Another show which is also transgresses the social norm is Dexter. A show about a likeable serial killer. As he is killing villains who have escaped justice, he is a perverse hero; righting the wrongs within the legal system... (a problem for those countries and states which are anti-death penalty). This aside, the show presents the lowest of the low and evokes in the viewer a desire for revenge and the relief that there is a way to remove undesirables from our society; in doing so increasing our and our loved ones' safety.

Is it because it is a TV show and not real life?

Difference between TV and reality:

I can say, uncategorically, that within the context of real life these people would not be regarded as likeable.

As for the serial killer; real life doesn't give us black and white scenarios as the show does.

Why is this?

Fiction removes the factor's from the situation that cause an average person to lose sympathy for a person committing atrocities.

As for the show Breaking Bad, plays on the hard luck story of this man and his lofty plight to provide for his family. Yet, in reality he is destroying and damaging a huge number of lives. My guess (understanding human psychology and hollywood) is that the show would objectify or dehumanise the main character's victims and instead focus on the "greater good" that he is serving and his internal struggle.

Fiction carves reality out of the situation.

When confronted with the reality of a situation the feelings invoked in the viewer are very different.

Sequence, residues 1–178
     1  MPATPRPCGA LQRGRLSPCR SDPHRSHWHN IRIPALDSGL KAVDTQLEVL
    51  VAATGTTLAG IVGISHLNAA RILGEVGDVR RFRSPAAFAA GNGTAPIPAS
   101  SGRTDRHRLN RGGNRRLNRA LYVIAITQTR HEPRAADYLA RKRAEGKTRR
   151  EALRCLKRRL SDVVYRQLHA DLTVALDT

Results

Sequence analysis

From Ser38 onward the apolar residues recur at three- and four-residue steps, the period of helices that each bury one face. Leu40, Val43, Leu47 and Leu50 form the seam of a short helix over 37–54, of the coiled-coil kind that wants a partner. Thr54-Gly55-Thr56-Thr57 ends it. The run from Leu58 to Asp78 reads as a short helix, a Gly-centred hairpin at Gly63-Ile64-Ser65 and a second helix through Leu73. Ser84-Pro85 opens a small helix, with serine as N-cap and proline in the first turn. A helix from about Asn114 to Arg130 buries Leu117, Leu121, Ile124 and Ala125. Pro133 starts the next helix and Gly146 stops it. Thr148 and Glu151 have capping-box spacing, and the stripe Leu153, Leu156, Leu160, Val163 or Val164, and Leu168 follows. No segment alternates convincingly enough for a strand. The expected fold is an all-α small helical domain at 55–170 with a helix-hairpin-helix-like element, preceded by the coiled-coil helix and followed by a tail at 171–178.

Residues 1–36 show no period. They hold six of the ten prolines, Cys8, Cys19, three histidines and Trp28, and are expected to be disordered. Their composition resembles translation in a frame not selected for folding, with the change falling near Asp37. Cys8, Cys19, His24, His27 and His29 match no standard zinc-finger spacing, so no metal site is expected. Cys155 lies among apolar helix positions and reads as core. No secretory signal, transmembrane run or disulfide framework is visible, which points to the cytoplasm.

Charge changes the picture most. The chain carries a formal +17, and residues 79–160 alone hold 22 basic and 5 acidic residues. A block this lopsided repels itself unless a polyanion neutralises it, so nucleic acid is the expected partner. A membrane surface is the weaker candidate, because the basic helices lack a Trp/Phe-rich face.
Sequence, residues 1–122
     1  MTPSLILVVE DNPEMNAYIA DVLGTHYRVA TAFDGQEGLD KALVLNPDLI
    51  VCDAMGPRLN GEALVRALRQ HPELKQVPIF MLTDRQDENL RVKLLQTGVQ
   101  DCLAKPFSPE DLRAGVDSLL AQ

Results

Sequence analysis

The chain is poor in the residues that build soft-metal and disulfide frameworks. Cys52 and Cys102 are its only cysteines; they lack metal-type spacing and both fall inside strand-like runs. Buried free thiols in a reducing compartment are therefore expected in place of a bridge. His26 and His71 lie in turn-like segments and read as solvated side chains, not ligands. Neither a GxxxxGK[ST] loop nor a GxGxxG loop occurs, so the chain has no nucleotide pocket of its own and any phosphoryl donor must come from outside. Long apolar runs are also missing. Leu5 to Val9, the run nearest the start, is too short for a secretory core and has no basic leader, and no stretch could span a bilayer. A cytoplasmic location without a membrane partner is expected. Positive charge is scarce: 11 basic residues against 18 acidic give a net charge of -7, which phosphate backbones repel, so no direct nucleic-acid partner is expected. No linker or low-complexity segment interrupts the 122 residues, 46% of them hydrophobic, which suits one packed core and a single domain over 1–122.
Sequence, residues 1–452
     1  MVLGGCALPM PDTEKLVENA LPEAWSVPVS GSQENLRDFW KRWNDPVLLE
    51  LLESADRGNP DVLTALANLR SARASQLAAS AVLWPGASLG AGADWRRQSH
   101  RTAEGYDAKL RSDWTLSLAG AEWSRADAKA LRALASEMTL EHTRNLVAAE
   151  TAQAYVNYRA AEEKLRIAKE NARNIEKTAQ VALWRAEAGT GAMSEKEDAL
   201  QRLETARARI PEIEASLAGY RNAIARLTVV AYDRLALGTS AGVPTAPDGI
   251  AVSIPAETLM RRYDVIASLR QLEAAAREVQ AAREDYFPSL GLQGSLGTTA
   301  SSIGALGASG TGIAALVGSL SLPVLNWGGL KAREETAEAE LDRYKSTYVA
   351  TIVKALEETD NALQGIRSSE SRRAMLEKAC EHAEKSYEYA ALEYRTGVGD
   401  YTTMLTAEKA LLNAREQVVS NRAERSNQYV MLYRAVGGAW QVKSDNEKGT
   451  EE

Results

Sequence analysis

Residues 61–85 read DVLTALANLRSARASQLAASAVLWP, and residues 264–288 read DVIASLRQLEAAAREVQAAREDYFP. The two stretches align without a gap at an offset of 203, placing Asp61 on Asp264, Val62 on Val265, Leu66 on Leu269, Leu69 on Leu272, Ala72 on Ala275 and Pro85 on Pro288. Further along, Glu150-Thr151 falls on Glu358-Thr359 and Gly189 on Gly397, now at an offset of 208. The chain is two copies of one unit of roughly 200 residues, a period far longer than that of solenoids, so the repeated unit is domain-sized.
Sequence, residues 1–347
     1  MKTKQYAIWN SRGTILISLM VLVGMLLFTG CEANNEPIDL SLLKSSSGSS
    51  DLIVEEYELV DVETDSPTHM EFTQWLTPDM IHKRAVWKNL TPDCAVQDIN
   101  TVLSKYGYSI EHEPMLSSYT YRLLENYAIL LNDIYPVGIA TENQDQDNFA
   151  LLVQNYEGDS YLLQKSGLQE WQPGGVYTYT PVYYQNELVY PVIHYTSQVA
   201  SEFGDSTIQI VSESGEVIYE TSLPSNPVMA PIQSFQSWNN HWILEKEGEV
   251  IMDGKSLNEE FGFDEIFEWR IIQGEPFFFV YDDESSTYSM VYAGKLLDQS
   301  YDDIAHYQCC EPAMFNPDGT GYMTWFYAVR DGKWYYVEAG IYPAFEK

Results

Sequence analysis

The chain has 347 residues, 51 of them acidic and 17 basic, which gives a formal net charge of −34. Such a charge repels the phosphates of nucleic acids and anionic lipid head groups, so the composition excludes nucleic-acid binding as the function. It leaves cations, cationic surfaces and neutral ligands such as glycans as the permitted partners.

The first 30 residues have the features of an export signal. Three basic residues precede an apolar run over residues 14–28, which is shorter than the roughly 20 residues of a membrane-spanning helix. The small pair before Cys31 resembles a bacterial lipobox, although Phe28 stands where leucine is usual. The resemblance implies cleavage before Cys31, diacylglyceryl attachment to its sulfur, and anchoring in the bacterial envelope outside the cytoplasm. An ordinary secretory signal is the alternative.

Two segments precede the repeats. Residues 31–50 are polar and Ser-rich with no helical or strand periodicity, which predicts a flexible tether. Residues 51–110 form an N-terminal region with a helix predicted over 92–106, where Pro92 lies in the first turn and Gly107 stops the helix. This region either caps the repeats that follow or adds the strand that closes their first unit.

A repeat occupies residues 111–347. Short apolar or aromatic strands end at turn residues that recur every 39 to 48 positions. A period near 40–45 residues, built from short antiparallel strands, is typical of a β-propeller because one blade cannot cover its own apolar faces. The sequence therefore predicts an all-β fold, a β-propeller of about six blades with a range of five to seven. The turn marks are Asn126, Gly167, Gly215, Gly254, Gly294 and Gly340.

See this Real life news story for an example of the real life consequences of methlabs.

Warning: graphic images Children are the silent and small victims of skyrocketing number of home meth labs

Warning: graphic images An image of a the teeth of a crystal meth addict with meth mouth.

Creating a sympathetic protagonist is an artform:

Your Hero: Top Ten Rules (Expanded)
List key features a writer needs to use to create a sympathetic protagonist needs. There is a basic agreement about the features a sympathetic protagonist needs to succeed within the writing world (any google search will show this).

Playing the Viewer like an Organ: Norman Bates as the Protagonist of Alfred Hitchcock’s Psycho

Psycho is a film where the director intentionally and obviously manipulates the audience. In fact, Alfred Hitchcock took pride in his manipulation of the viewing audience, remarking in an interview, “You might say I was playing them, like an organ,” (Truffaut 269). Hitchcock’s main intention in manipulating the audience throughout the film is to make us complicit in the actions of Norman Bates.

The central shift of protagonist in Psycho is mostly an unconscious one. By the time Marion Crane prepares to take a shower, the narrative has already begun to follow Norman as much as Marion; after Marion leaves the parlor, we see Norman go up to the mansion and sit at the dinner table, waiting. We are unaware of the shift until Marion’s narrative is abruptly and radically ended by her death in the shower. By that point, the film belongs to Norman and Hitchcock is careful to make us root for him.

It would seem that evoking audience sympathy with an "anti-social" protagonist, is an artform and the key to seeing why it is effective onscreen and not in real life lies, with an inspection of the key features writer's use to evoke feelings of empathy, maintain an audience bond with the character, by creating internal conflict, a heroic fighter, with care not to cross boundaries that will evoke revulsion in the viewer.

The question and answers at Sympathetic portrayal of an evil protagonist with good motivations explain this in more detail.

Breaking Bad IMDB

share|improve this answer
add comment

Your Answer

 
discard

By posting your answer, you agree to the privacy policy and terms of service.

Not the answer you're looking for? Browse other questions tagged or ask your own question.